Seven key E911 issues the FCC ruling glosses over

I've just read FCC Chair Kevin Martin's statement about today's FCC dictate requiring that VoIP providers offer E911 services starting 120 days from now.Already, the mainstream news media are painting this as an airtight provision that solves the problem of E911 access.

I've just read FCC Chair Kevin Martin's statement about today's FCC dictate requiring that VoIP providers offer E911 services starting 120 days from now.

Already, the mainstream news media are painting this as an airtight provision that solves the problem of E911 access. Yet I must tell you, it is anything but airtight.

The customer must provide the location information of their callback number, and the VoIP provider must provide the customer a means of updating this information.

1. People move. People get harried. People forget. Will VoIP providers hit existing customers over the head - say in their monthly online or mailed invoices, to keep this information current?

The FCC is not "dictating (any) technical means" to enable this in 120 days. So, in order to make the deadline, Martin says, "VoIP providers may interconnect directly with the incumbent LEC's 911 network or purchase access to this network from competitive carriers and other third-party providers."

2. Whoa, trouble. Even if the LECs open the door to all comers, do they have the infrastructure in place to enable all requests within 120 days?

3. And what about those companies who are told to take a number and wait in line? Yes, they can "purchase access," but what about start-ups who are insufficiently capitalized? Will this result in a thinning of the herd?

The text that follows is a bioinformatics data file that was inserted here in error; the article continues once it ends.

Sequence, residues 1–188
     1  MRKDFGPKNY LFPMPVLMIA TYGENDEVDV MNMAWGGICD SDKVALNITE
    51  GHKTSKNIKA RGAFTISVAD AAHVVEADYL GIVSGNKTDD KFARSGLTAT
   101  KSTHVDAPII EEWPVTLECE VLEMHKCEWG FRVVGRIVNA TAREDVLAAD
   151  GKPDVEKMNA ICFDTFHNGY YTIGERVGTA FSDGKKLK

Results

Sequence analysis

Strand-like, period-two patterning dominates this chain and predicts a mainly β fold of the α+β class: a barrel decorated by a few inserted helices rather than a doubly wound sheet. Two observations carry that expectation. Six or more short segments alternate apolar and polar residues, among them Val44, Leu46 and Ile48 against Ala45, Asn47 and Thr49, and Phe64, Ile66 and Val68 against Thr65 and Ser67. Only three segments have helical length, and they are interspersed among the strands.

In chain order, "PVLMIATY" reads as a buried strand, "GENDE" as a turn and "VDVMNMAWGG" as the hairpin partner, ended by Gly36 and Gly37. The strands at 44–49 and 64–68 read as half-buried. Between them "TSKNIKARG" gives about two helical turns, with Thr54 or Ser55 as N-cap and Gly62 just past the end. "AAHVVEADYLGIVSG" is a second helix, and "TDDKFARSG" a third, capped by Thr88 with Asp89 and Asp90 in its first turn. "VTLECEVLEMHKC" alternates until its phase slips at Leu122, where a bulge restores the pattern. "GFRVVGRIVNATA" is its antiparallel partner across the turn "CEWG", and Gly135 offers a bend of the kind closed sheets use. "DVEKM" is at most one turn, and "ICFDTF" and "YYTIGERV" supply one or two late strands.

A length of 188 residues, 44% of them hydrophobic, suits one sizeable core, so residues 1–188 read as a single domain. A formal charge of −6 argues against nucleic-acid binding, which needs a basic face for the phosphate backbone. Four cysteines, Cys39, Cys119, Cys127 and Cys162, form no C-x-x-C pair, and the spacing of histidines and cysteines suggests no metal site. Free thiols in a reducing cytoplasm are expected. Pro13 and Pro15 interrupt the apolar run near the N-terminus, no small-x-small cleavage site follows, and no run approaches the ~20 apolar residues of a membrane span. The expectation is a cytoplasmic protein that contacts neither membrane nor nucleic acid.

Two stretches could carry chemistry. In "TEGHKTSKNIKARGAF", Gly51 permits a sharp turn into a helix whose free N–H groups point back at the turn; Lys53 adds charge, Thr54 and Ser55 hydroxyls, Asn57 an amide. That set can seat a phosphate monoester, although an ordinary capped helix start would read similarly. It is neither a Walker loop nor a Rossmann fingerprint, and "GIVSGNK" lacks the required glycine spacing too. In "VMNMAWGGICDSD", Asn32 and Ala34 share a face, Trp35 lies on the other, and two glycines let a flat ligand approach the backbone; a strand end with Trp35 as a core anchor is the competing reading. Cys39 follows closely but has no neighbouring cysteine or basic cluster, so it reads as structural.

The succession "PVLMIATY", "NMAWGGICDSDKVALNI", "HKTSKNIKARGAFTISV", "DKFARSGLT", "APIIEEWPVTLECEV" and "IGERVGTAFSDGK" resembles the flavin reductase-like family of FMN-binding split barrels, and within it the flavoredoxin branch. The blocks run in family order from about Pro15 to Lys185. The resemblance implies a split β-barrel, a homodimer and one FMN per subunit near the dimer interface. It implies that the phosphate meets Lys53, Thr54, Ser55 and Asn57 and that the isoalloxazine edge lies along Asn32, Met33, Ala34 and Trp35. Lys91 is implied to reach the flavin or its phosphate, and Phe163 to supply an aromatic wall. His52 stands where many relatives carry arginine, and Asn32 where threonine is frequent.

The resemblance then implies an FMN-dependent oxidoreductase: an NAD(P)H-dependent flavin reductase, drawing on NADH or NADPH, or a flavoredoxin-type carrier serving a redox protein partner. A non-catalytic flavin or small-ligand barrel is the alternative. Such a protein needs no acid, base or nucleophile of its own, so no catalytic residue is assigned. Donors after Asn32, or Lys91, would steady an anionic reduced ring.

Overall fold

4. As I've said before, will either the major or less-known VoIP services pass on the costs of E911 gear-up, access and maintenance to subscribers by means of either overt nickel-and-dime, or hidden fees buried in an incremental rate increase for which other causes are given?

Martin writes: "While the rules we adopt today are a step in the right direction our actions today are not the end of the story. An advanced 911 solution needs to be developed that enables VoIP providers to locate their customers automatically much like wireless providers are able to locate their customers today."

5. He's talking about "nomadic VoIP." You VoIP 911 from another computer, or from your own computer you've taken with you. You are having a stroke. Maybe you don't know your current location... in some hotel, in some coffee shop, but what's that address? You don't have the faculties to ask. What then? In a post I made earlier today, I quote the guy who oversaw the FCC's successful effort to implement nomadic VoIP for cell phones. He says that doing so for IP telephony won't be easy. Says it will take years, not months.

Finally, as our Ben Charny notes, we are not sure about how this ruling will affect softphone-only VoIP providers such as Skype.

6. OK, Skype, wassup? Ben notes: "Skype said it is 'working with the FCC to develop appropriate emergency response solutions for IP-based communications services.'" Yet, as I noted earlier today, EnterpriseVoIPPlanet.com has a copy of a note Skype wrote to the FCC essentially wanting out of this dictate.

7. And if Skype wants out, what about all the other softphone providers?

Do you have questions about this ruling? You can pose them in a TalkBack.